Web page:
Left: Arizona Gov. Jan Brewer (AP Photo/Susan Montoya Bryan)

Right: Arizona Secretary of State Ken Bennett (AP Photo/Ross D. Franklin) 

PHOENIX - The state's chief election officer said Monday that his interpretation of state law is that Republican Jan Brewer's reign as governor must end in January 2015, no matter what she and her lawyer say.

Secretary of State Ken Bennett said he understands Brewer believes that the two years she spent finishing off Democrat Janet Napolitano's term do not count toward the two-term limit voters mandated in 1992.

Brewer, elected in her own right at the 2010 election, is saying she could run again in 2014 if she wants, although she has not yet decided if she will.

Bennett, who was appointed to his post in 2009 when Brewer became governor, said he has not studied the legal arguments about a third term being advanced by Joe Kanefield, the governor's former legal counsel.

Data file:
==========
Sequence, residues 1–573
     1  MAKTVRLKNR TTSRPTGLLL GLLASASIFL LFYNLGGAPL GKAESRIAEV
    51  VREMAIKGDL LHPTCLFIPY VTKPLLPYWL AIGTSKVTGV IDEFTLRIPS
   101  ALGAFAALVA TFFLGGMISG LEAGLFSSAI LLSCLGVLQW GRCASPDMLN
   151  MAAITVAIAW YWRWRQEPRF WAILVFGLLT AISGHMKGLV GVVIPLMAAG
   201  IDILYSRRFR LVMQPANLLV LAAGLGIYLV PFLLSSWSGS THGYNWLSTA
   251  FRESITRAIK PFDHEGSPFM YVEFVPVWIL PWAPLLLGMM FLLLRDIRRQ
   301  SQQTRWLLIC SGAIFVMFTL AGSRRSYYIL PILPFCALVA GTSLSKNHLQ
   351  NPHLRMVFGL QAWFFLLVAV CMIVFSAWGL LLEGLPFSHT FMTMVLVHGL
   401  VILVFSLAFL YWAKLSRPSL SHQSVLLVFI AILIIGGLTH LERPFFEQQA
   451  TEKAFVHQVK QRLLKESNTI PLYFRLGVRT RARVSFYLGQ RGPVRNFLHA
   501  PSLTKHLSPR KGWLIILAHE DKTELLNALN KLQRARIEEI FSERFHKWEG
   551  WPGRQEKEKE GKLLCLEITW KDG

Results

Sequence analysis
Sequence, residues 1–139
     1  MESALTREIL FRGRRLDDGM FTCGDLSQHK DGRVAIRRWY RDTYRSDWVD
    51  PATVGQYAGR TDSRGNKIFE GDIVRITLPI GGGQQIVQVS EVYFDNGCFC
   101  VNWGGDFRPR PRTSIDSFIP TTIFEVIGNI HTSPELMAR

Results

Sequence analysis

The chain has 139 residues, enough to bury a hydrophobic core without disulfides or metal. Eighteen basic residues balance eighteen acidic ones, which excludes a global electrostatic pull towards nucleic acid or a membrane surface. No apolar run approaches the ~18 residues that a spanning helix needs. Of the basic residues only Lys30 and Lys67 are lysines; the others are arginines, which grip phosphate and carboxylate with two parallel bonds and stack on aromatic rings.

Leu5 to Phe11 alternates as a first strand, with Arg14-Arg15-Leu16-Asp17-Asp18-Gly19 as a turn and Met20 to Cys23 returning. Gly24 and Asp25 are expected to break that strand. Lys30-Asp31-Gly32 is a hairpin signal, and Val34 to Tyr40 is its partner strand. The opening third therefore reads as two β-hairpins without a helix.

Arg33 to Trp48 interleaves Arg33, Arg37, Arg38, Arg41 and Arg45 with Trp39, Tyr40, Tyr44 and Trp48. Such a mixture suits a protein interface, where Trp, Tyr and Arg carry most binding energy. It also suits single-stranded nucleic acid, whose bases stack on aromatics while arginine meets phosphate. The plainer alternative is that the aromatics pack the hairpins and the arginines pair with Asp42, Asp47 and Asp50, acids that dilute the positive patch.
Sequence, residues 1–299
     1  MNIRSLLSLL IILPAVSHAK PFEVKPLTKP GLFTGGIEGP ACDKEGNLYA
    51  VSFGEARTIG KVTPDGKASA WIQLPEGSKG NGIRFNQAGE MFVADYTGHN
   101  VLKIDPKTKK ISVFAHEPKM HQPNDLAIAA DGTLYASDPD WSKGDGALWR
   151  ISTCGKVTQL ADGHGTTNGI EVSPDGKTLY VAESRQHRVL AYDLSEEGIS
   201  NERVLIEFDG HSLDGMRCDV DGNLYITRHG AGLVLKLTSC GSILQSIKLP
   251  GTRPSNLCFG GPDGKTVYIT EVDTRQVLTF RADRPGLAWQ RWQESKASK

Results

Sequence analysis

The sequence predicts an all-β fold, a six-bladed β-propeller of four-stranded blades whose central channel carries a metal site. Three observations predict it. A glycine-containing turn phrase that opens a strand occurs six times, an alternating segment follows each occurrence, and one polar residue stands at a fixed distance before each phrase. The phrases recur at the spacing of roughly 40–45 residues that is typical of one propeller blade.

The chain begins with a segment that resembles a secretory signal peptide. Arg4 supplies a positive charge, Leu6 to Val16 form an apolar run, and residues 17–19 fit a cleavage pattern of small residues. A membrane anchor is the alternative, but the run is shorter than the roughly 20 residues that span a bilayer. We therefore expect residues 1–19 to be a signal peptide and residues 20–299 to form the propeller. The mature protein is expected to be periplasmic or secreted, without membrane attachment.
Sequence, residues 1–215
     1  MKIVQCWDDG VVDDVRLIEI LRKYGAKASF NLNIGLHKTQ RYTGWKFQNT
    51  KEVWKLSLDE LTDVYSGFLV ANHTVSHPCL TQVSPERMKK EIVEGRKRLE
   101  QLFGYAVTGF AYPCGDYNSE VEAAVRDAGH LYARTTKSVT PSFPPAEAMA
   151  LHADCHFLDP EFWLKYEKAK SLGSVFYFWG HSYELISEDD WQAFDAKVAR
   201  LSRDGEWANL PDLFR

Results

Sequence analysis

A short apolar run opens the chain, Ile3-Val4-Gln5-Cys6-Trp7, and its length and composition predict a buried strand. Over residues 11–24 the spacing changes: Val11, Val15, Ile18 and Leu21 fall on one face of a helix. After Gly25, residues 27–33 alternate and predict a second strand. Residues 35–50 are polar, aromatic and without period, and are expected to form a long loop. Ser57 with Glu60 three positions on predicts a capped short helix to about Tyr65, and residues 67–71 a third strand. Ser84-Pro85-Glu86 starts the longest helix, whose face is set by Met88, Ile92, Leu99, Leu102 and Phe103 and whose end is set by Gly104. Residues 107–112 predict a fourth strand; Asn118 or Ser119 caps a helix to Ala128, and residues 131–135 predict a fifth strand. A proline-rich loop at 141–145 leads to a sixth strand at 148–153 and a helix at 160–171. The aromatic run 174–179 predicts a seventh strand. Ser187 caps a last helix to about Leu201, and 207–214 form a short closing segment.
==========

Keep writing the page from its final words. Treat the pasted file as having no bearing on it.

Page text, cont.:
"But we read the constitution on its face that any portion of a term counts as a full term," he said. "And both of us will therefore have served two terms by the time the 2014 election occurs."

Bennett's comments came at the formal certification of election results, an event that normally would include the governor.

But Brewer was not present. She sent word to Bennett late Friday that she would be out of state through this coming Saturday.

That left Bennett to serve as acting governor for the ceremony.

Brewer press aide Matthew Benson would provide no specifics on the governor's travels, other than to say she is on "official business." He denied that she is one of several governors summoned to Washington this week to meet with House Republicans to lobby for a GOP plan for dealing with the federal "fiscal cliff."

Bennett's interest in Brewer's legal options in 2014 is more than academic: He already has formed an exploratory committee for governor for the 2014 election.

Bennett sidestepped a question of whether he would take legal action to keep Brewer off the ballot should she seek the nomination.

"I'm not going to comment on speculative questions about what she might or might not do," he said. "I'm focused on being the secretary of state."